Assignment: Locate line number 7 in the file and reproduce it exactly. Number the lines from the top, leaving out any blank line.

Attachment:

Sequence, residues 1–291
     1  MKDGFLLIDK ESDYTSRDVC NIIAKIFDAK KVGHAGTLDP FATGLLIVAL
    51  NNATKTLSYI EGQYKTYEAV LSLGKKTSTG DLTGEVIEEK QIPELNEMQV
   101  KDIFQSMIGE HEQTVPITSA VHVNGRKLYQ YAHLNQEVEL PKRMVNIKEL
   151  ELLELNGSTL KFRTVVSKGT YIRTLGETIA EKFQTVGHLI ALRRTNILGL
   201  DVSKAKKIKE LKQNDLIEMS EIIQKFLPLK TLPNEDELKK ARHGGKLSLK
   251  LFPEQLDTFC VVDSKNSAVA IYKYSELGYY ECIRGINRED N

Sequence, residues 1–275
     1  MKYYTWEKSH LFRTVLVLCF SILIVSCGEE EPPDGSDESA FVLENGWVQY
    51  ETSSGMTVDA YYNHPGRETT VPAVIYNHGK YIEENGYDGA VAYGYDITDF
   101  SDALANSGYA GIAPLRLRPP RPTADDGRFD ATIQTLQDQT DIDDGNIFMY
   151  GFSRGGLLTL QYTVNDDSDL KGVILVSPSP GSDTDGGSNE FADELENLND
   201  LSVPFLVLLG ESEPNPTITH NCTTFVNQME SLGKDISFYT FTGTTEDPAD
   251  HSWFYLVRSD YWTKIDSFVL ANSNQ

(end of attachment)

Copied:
   251  LFPEQLDTFC VVDSKNSAVA IYKYSELGYY ECIRGINRED N